When did we get to see Thanksgiving as a celebration of White supremacy?

There’s a belief in certain liberal circles that the adulation of Thanksgiving brings about one of history’s worst harms: the promotion of White supremacy.

This didn’t seem too outlandish — at least before the election. Dozens of liberals, immigrants and scholars came out after the election of Donald Trump to say that the time had come to scrap the holiday. The phrase “disintegrate Thanksgiving” was pushed by author Zaki Baruti in an article he wrote on that very subject last December.

“So what do we gain from this holiday,” baruti asked. “Do we need to celebrate a Thanksgiving that merely focuses on gratitude for our freedom?”

“The three-day period is in fact a decades-long holiday produced by the settler-colonialists in Europe to celebrate the expulsion of their indigenous African populations,” he added. “Why would they do that?”

Some Americans saw the adoration of Thanksgiving as a forced “cultural genocide” directed at Native Americans and the rest of the world, and started speaking up. Robert Lopez, a Latino Studies professor at Cal State Los Angeles, even told The New York Times that the holiday is “racist,” even though its history is long.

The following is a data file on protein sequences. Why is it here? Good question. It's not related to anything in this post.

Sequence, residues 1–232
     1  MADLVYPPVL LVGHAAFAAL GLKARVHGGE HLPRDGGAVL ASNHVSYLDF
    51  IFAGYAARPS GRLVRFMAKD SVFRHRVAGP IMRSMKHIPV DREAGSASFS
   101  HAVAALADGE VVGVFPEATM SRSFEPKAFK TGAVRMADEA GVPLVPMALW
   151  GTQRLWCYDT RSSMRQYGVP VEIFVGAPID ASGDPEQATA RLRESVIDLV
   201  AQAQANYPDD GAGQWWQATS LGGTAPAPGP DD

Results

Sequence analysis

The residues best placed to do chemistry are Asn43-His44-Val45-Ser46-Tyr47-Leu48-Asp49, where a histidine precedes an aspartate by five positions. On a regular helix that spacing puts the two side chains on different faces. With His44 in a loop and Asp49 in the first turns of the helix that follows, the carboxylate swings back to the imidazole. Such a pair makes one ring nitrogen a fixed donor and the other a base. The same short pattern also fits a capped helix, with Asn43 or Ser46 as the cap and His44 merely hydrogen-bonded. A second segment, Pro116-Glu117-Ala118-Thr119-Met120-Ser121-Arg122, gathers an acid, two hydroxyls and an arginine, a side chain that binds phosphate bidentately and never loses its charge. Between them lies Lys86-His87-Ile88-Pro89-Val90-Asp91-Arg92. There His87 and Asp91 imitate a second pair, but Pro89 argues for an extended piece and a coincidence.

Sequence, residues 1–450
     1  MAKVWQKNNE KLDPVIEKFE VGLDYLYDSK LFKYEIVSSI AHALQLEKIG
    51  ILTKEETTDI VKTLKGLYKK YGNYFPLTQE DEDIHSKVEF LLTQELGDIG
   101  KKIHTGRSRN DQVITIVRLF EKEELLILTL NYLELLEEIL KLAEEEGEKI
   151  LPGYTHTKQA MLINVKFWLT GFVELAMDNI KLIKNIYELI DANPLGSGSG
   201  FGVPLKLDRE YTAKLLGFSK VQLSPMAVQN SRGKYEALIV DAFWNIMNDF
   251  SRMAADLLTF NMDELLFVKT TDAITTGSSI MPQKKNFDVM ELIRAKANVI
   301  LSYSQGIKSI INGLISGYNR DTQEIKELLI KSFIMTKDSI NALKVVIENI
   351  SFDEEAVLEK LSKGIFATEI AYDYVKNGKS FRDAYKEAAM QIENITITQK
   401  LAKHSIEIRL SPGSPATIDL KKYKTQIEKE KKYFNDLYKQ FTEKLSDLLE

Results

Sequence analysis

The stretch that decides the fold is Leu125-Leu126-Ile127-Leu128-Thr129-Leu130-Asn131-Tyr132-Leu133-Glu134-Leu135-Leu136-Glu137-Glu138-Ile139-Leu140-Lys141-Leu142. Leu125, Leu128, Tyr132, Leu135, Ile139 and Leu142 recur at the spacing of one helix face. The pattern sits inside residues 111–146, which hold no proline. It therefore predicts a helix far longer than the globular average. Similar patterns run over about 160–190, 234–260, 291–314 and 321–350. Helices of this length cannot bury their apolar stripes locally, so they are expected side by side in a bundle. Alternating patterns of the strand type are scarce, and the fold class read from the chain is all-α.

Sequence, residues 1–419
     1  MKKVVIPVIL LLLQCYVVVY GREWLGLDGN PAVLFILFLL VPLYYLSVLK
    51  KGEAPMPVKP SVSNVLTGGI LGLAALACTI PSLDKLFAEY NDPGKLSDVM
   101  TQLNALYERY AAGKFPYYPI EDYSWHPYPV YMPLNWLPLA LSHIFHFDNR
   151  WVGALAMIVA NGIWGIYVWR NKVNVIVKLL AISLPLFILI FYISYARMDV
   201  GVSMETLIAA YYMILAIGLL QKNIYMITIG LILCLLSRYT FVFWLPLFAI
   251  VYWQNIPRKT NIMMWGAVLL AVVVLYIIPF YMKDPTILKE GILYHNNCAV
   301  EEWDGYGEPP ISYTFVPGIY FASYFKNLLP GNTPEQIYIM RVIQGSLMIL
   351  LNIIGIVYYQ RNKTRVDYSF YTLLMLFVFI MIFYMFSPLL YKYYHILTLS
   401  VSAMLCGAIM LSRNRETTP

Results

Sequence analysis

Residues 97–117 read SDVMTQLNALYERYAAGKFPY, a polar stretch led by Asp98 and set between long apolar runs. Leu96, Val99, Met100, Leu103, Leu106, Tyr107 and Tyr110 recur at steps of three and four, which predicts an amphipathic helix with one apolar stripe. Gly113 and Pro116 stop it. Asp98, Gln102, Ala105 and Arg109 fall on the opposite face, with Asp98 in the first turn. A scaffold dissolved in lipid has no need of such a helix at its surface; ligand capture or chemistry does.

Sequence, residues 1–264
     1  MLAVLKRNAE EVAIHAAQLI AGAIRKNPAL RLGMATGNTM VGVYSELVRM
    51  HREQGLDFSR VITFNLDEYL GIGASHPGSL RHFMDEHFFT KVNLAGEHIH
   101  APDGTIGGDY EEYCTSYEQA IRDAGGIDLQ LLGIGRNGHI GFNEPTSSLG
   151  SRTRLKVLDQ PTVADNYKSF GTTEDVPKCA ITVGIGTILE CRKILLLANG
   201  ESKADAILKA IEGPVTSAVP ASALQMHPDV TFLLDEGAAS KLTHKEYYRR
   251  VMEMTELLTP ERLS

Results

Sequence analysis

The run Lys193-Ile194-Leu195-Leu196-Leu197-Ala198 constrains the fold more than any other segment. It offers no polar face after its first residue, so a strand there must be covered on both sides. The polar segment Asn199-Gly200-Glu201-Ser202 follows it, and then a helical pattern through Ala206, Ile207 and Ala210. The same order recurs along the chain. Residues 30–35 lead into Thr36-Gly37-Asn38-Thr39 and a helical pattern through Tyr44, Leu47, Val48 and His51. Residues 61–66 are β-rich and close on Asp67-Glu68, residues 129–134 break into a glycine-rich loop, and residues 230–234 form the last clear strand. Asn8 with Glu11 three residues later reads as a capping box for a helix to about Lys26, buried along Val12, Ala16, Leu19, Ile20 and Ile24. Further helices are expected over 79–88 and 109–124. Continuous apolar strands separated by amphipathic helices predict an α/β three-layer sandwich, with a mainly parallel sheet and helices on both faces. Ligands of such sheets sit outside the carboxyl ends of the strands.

Others say the American agricultural industry helped create the system of White supremacy that created the holiday. Professor Lisa Sherrill of Harvard’s Kennedy School of Government has argued that an 1876 law that mandated that farms donate turkey meals to veterans’ charities sent a specific message about White supremacy, and encouraged those farmers to openly support warfare.

One of the first scholars to protest American Thanksgiving was journalist Jacob Abi of Cambridge, Mass., who came out and said that the holiday contributed to the genocide of Native Americans. The Thanksgiving propaganda of the day was “racist” and should be scrapped, he wrote in the 1980s. He continued: “Deregulation of agriculture, with its profit-driven mechanization of land use, destroyed native communities and led to the extinction of 100,000 of them, over a period of 40 years.”

Abi told The Huffington Post in 2012 that “commercialized militarism is what Thanksgiving is based on.” He continued: “A lifestyle defined as ‘gratitude for free enterprise’ supported an ancient system of slavery, severe white supremacy, and warfare — all this documented in an enormously successful propaganda campaign. It does not take a genius to see that Thanksgiving is fueled by that historical legacy. It’s a defense mechanism, because many of its defenders don’t see much logic to it.”

But if one wants to go to Thanksgiving without that kind of ugliness and political correctness, they have plenty of outlets for viewing a non-politically correct view of the celebration.

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